October 29, 2015 | Quote

Recep Tayyip Erdogan Determined to Retain Power Regardless of Turkey Election Results

Turkey’s second general election in five months is unlikely to resolve the nation’s deep political crisis, as observers say President Recep Tayyip Erdogan is doubling down on the heavy-handed tactics that have kept him in power for the past 12 years even if his ruling party fails again Sunday to secure a majority.

With the nation increasingly on edge amid the civil wars raging across the border in Syria and Iraq and polls suggesting Mr. Erdogan still won’t have enough seats for a majority, one former member of the Turkish parliament said the president will use his party’s “enormous propaganda machine” to push for yet another snap election in Turkey in the spring.


“There’s talk in Ankara at the moment,” said Aykan Erdemir, a member of parliament for Turkey’s main opposition party through early this year, that Mr. Erdogan will do everything in his power to spoil the prospects of a grand coalition government if his own nationalist and Islamist-rooted Justice and Development Party (AKP) is not on top when the votes are counted this weekend.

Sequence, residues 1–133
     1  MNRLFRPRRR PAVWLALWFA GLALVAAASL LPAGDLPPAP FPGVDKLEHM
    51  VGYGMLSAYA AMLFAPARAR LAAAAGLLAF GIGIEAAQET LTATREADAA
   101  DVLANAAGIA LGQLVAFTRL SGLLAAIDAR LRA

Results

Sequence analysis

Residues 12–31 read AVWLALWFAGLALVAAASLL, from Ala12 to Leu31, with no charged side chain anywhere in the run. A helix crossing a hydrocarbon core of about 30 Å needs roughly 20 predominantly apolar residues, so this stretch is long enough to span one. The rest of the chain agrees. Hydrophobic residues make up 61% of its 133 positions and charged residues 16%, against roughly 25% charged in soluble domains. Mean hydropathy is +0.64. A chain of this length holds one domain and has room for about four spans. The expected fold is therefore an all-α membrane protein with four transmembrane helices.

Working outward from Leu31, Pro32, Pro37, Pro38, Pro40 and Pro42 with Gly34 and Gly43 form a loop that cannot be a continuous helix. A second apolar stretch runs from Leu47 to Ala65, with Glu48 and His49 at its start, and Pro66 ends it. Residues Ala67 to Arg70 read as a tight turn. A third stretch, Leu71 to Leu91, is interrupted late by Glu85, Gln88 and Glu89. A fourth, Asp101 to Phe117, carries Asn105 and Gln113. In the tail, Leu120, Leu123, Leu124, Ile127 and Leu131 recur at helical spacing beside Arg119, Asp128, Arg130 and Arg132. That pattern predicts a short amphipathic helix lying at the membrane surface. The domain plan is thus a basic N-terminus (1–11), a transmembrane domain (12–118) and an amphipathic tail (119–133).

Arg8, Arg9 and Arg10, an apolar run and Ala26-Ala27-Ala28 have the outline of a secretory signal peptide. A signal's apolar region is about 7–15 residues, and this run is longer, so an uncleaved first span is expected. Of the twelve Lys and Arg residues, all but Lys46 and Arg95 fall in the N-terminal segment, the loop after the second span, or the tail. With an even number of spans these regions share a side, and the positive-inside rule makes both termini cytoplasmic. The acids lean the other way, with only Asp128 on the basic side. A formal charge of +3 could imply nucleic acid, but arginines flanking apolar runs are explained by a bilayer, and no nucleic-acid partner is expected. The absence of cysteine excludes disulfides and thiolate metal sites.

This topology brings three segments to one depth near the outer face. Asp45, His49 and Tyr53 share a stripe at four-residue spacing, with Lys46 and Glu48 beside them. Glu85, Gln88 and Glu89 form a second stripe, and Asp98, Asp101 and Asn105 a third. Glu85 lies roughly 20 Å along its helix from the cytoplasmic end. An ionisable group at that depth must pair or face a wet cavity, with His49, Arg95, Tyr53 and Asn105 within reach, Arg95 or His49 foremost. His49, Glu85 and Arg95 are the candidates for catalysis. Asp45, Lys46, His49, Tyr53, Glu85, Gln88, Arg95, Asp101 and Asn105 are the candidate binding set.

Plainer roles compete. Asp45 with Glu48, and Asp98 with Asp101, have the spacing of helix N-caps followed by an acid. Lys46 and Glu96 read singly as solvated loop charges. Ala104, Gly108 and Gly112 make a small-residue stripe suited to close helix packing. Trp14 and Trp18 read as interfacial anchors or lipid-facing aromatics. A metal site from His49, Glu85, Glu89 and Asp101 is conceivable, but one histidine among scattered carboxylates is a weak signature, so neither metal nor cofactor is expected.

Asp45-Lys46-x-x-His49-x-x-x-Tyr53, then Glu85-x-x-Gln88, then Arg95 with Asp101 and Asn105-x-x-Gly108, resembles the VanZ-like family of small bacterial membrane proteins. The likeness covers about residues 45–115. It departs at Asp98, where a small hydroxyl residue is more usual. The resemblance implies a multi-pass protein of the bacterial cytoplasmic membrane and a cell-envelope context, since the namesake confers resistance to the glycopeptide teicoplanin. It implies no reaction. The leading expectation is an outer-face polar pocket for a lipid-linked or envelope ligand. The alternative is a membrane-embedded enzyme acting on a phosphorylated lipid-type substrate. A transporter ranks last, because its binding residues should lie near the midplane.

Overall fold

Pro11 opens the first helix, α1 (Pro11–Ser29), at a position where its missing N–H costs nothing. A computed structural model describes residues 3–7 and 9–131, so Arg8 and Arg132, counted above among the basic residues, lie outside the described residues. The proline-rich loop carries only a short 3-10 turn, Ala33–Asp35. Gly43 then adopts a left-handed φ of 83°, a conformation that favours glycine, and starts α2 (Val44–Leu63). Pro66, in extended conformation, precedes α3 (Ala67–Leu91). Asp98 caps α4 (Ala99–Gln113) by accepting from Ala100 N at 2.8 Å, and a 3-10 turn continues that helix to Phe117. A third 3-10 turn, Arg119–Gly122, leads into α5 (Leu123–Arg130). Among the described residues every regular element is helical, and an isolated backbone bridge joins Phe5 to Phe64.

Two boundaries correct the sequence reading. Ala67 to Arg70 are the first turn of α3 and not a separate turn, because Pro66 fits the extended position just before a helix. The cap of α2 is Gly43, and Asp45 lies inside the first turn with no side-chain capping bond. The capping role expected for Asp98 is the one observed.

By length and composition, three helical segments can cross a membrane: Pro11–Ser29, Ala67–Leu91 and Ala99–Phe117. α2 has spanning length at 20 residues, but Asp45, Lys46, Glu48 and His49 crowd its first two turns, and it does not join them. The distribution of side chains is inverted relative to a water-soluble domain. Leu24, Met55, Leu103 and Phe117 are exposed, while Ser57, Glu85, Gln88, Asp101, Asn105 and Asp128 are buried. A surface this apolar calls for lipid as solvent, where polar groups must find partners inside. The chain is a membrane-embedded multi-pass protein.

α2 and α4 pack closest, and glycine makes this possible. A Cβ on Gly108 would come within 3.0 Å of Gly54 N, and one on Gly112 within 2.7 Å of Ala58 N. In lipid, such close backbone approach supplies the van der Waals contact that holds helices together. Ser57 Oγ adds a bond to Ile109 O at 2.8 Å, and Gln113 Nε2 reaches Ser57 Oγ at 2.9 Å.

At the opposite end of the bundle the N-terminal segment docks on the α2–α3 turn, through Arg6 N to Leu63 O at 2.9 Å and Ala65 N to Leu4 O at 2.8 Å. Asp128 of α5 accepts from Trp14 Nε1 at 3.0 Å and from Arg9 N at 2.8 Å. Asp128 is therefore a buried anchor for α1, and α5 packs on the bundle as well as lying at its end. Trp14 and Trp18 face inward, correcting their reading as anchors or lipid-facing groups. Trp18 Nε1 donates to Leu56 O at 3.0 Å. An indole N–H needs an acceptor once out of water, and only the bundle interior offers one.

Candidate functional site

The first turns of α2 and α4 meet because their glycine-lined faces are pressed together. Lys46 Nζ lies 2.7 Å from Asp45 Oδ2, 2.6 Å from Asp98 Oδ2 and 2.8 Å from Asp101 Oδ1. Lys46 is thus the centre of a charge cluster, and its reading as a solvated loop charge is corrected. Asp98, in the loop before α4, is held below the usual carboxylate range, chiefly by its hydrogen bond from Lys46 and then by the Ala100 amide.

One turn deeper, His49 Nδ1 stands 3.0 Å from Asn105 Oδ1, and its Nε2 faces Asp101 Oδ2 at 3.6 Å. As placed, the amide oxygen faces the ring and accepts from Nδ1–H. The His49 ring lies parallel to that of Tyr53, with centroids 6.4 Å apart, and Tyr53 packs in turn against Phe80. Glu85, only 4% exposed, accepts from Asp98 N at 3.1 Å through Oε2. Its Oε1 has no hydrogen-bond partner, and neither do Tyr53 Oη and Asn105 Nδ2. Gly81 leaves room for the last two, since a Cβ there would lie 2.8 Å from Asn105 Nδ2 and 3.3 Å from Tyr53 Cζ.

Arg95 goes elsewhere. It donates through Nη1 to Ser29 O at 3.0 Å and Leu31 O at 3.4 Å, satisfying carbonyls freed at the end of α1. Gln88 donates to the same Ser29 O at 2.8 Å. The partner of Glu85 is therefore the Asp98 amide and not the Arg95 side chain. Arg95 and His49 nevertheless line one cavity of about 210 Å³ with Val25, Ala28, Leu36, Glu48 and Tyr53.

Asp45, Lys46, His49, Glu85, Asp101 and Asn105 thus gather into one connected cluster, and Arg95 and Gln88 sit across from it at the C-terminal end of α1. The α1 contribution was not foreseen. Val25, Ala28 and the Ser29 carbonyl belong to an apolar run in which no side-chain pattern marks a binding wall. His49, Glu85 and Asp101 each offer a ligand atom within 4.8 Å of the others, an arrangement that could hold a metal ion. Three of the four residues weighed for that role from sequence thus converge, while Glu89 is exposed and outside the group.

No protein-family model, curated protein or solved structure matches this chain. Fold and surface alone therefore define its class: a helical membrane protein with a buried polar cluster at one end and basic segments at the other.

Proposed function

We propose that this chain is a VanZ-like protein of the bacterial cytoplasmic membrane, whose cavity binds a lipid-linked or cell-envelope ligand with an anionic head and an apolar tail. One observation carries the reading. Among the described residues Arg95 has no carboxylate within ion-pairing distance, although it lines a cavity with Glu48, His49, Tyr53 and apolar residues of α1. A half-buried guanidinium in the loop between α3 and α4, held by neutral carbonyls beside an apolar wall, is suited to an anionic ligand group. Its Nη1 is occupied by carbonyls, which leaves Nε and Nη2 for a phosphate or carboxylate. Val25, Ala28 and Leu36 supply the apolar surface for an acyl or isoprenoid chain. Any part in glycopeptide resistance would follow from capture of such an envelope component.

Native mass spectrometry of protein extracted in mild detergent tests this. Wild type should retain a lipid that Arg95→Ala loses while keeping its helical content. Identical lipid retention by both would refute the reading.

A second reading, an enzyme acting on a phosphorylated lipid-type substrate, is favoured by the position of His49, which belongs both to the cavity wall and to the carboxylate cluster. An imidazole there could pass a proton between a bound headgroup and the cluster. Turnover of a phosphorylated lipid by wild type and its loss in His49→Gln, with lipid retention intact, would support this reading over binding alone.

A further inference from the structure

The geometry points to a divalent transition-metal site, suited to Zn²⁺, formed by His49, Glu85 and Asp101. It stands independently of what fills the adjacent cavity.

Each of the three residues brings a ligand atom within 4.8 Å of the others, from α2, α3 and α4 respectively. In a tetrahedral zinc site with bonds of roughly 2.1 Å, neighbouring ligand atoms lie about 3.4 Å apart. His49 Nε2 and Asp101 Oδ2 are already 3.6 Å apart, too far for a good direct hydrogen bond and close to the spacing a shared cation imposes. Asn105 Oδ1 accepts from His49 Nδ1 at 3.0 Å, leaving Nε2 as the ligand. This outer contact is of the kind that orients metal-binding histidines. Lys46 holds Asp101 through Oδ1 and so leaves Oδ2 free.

Pushing for a third election will sustain the 61-year-old president’s immediate hold on power, said Mr. Erdemir, now serving as a nonresident fellow with the Foundation for Defense of Democracies, and will immunize — at least for now — Mr. Erdogan’s inner circle from angry political foes in Ankara.

Such foes are eager to reopen a biting corruption probe that Mr. Erdogan famously decried as a “coup attempt” after it nearly brought his government to its knees in 2013. But without a power-sharing coalition government in place, it will be impossible for the opposition to use the legislature to bring the probe back to the fore.

The more worrisome prospect, said Mr. Erdemir, who spoke from Ankara this week, is that Mr. Erdogan’s maneuvering will thrust Turkey deeper into political uncertainty at time when long-boiling tensions between the government and the nation’s minority Kurds have soared to levels not seen since the 1990s.

“Some here believe Erdogan is playing with fire on the Kurdish issue and that once this thing gets out of hand it will be much worse than in the 1990s,” he said. “That was a time when human rights got breached on a regular basis by the government, as it tried to deal with the Kurdish question with sheer force, breaching the rule of law and carrying out almost crimes against humanity.”


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